10th - In addition to the Atlantic approaches to Gibraltar, a large number of German and Italian submarines were concentrated in the Western Mediterranean to attack the 'Torch' follow-up convoys. Transports and escorting warships were sunk and damaged, but losses were never great, and seven Axis submarines (1-7) were sunk in exchange. On the 10th, destroyer "MARTIN" was sunk by "U-431" off Algiers and Italian submarine "EMO" (1) scuttled after an attack by armed trawler "Lord Nuffield" .

10th - Further Allied landings were made to the east of Algiers along the Algerian coast, where there was little air cover. Attacks by German aircraft on these and other Algerian targets sank or damaged a number of ships. On the 10th, sloop "IBIS" was hit by an aircraft torpedo and went down off Algiers.

Algeria - The first of the further Allied troop landings were made at Bougie and Bone on the 11th and 12th, well on the way to the Tunisian border.

12th - "U-660" (2) was sunk by escorting corvettes "Lotus" and "Starwort" northeast of Oran.

13th - Next day "Lotus", this time with "Poppy" accounted for "U-605" (3) off Algiers. On the 14th and 15th respectively, "U-595" and "U-259" (4-5) were sunk by aircraft.

13th - "U-431" sent Dutch destroyer "lSAAC SWEERS" to the bottom northwest of Algiers.

17th - "U-331" (6) was damaged by RAF Hudsons of No 500 Squadron and tried to surrender. Aircraft of 820 Squadron from carrier "Formidable" torpedoed her in error off Algiers.

20th - Cruiser "Delhi" was damaged by bombs in Algiers Bay.

28th - North of Bone the Italian "DESSIE" (7) was sunk by destroyers "Quentin" and the Australian "Quiberon", now part of cruiser Force Q operating out of Bone.

28th - Destroyer "ITHURIEL" in harbour at Bone was badly damaged in bombing attacks and not repaired.

The Relief of Malta - At the beginning of the month, cruiser-minelayer "Welshman" ran vitally needed stores to Malta. On the 11th, sister-ship "Manxman" made a similar dash from Alexandria. Then on the 17th a convoy of four ships, escorted by three cruisers and 10 destroyers, left Alexandria (Operation 'Stoneage'). Although cruiser "Arethusa" was badly damaged by German torpedo aircraft on the 18th and had to return with over 150 casualties, the convoy got through on the 20th. Its arrival effectively marked the lifting of the long and bloody siege of Malta. Since Operation 'Excess' in January 1941, two aircraft carriers, four cruisers, 16 destroyers and five submarines had been lost in the many attempts to supply and reinforce the island, and in the heavy air attacks launched against the George Cross island.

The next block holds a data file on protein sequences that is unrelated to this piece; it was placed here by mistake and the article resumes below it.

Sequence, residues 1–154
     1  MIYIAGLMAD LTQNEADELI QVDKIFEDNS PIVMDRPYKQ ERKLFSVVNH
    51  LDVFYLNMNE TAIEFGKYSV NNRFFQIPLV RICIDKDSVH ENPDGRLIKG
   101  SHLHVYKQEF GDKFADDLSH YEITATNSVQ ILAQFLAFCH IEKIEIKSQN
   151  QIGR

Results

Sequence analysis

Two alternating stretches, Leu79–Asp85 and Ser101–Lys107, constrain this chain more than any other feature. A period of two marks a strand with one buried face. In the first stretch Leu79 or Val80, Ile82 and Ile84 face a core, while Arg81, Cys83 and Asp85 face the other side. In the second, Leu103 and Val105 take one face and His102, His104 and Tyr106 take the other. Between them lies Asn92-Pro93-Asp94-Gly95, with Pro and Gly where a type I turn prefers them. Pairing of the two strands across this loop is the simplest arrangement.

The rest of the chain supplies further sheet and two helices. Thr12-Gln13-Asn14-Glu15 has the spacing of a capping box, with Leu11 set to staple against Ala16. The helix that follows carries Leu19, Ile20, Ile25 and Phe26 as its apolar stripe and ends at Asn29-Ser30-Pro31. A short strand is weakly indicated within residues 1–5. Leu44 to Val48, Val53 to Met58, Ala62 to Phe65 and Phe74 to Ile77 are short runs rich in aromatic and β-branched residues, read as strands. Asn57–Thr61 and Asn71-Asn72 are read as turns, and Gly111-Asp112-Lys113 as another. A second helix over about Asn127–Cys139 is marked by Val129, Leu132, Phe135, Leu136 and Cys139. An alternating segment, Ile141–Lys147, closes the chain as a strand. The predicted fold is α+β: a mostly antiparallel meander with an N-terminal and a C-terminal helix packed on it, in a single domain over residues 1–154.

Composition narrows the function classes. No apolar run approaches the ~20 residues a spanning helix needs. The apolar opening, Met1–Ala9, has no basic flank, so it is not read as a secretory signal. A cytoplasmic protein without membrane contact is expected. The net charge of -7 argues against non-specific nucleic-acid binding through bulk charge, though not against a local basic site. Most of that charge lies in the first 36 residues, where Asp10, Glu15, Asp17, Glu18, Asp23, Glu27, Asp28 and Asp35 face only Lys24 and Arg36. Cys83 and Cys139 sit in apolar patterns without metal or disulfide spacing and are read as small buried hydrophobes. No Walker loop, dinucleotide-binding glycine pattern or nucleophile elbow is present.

French North Africa continued - After the Bougie and Bone landings in eastern Algeria, British paratroops were flown into the north of Tunisia and the advance began on Bizerta and Tunis. Fighting took place as the Allies closed in, but by the time the main offensive started on the 25th, the Germans had built up their forces around both Bizerta and Tunis, and also occupied the east coast towns of Sousse, Sfax and Gabes.

24th - Off northwest Sicily, "UTMOST" was lost to Italian destroyer escort "Groppo".

Monthly Loss Summary
13 British or Allied merchant ships of 103,000 tons


French North Africa - German forces counter-attacked in the north of Tunisia, driving back the Allies. By the end of the year Axis forces had established strong defence lines around Bizerta and Tunis, and were holding on to the eastern half of the country. The Allies had lost the race for Tunis. Throughout January 1943 both sides attacked along the line, but without much success. As this happened, more and more German and Italian troops were drawn into Tunisia.

Cruiser Force Q - Based in Bone, Force Q and a new Malta-based cruiser force took turns attacking Axis shipping bound for North Africa. On the 2nd, Force Q with "Aurora", "Argonaut", "Sirius" and two destroyers went into action in the Strait of Sicily. All four transports in a convoy and Italian destroyer "FOLGORE" were sunk by gunfire. As they returned, destroyer "QUENTIN" was lost to Italian torpedo aircraft north of Cape Bon. 14th - Two weeks after Force Q's success in the Strait of Sicily, cruiser "Argonaut" was badly damaged by Italian submarine "Mocenigo" northeast of Bone.

Royal Navy Submarine Operations - Throughout the month, British submarines were on patrol in the Western Mediterranean and lost four of their number. In return they sank several Axis ships including two Italian warships. Early December - "TRAVELLER" left Malta on 28th November for the Gulf of Taranto. Overdue by the 8th December, she was presumed mined in her patrol area. 6th - "Tigris" sank Italian submarine "PORFIDO" north of Bone. 12th - In the Gulf of Naples submarine "P-222" was lost to Italian torpedo boat "Fortunale" while attacking a convoy. 17th - North of Bizerta, "Splendid" sank Italian destroyer "AVIERE" escorting a convoy to North Africa. 25th - As an Axis convoy headed into Tunis, "P-48" attacked and was sunk by Italian destroyer escorts "Ardente" and "Ardito". Late December - At the end of the month, submarine "P-311" sailed for Maddalena, Sardinia with Chariot human torpedoes for an attack on the cruisers based there. Her last signal was on the 31st December and she was presumed lost on mines in the approaches to the port.